As Labor Day fast approaches, colleges around the country are welcoming the class of 2002. Some of the wide-eyed freshmen now struggling with books, bedding, and brand-new computer hookups are the products of a Jewish day-school education.
To many American Jews in their 20s, 30s and 40s, Zionism, the ancient dream of a Jewish homeland that spawned a political movement and the birth of Israel almost 50 years ago, is little more than a footnote in a Sunday-school textbook.
Benjamin Gampel, a historian at the Jewish Theological Seminary in New York City, speaks enthusiastically about his Wexner students: "The Wexner Program is probably the best adult teaching that I can do. They're highly motivated; they're so successful in their chosen fields, they bring that energy to the classroom. It's thrilling."
While scholars argue about the origin of the adult bar mitzvah (or bat mitzvah) ceremony, there's no question that over the last two decades it has been growing in popularity, primarily for those who had never undergone the ritual as a 13-year-old.
Meet the class of 1998. This month, they leave high school behind and careen toward adult life.
Imagine that it is 1940, and Great Britain is fighting Hitler's Nazi Germany almost alone. Imagine, further, that an American who loves both America and England and hates the Nazis works in American intelligence and has access to secret files concerning Germany that, for whatever reason, the United States has not shared with Great Britain. This American gives the secrets to England and is caught.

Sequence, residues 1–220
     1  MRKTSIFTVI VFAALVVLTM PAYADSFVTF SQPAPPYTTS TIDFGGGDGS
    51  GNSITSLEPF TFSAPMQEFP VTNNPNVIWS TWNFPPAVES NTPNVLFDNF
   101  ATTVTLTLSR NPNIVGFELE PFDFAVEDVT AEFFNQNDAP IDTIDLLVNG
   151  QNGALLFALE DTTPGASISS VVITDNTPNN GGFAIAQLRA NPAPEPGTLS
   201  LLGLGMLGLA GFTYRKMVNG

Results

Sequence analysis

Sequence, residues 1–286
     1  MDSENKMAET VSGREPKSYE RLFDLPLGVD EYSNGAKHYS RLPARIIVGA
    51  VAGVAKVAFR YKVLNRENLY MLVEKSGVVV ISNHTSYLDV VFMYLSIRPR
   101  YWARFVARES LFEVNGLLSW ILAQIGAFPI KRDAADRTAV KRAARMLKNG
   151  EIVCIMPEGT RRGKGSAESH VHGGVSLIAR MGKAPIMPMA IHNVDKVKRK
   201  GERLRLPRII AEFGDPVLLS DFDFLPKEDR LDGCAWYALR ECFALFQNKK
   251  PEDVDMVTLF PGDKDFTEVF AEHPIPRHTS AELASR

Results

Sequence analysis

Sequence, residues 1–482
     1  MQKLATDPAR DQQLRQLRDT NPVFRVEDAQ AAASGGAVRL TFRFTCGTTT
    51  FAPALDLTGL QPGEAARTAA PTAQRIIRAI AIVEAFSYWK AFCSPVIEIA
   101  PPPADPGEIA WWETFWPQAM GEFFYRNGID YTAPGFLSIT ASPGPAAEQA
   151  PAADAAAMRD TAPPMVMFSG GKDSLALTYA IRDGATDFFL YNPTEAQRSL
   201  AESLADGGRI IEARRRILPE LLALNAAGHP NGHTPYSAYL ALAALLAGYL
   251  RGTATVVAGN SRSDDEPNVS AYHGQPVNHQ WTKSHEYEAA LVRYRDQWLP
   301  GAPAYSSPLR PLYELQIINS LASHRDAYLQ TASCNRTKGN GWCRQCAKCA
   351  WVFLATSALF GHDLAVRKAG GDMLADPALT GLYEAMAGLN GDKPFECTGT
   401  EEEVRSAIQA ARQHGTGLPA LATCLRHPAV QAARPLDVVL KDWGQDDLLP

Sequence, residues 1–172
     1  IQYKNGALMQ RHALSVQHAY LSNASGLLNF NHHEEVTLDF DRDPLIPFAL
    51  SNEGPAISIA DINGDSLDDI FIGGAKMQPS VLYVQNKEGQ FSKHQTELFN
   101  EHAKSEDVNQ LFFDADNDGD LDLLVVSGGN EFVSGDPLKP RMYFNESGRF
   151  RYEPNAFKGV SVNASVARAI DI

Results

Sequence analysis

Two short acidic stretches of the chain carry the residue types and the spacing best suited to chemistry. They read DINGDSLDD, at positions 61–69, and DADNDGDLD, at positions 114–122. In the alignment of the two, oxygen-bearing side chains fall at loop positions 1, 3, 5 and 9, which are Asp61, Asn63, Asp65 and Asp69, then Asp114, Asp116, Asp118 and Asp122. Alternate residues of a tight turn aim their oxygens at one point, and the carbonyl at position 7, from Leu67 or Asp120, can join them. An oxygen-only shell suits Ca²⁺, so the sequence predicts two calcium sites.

The rabbis-in-training were making the rounds at UCLA Medical Center. They stopped at bedsides to chat with patients, to inquire about their needs, to offer prayer and consolation. Then, unexpectedly, the sight of wires, tubes and surgical dressings took its toll. One student rabbi fainted.
What do Jewish educators think about Jewish parents?
My daughter flew home for Thanksgiving with two college friends in tow. At the dinner table, the conversation revolved around computers and the antics of the Stanford Band. At some point in the course of that whirlwind four-day visit, Hilary informed me that, though she's been diligently studying Hebrew since she started college, a Junior Year Abroad at Hebrew University is no longer part of her plans. It's not that she's changed her mind about someday returning to Israel, where she spent an amazing summer two years ago. But she's convinced that, given the stringent requirements of the high-tech major she seems to have settled on, even a semester in Jerusalem would derail her progress toward her degree.
I have never been a fan of group travel. Bernie and I like to headout for parts unknown, armed only with a guidebook and a rental car.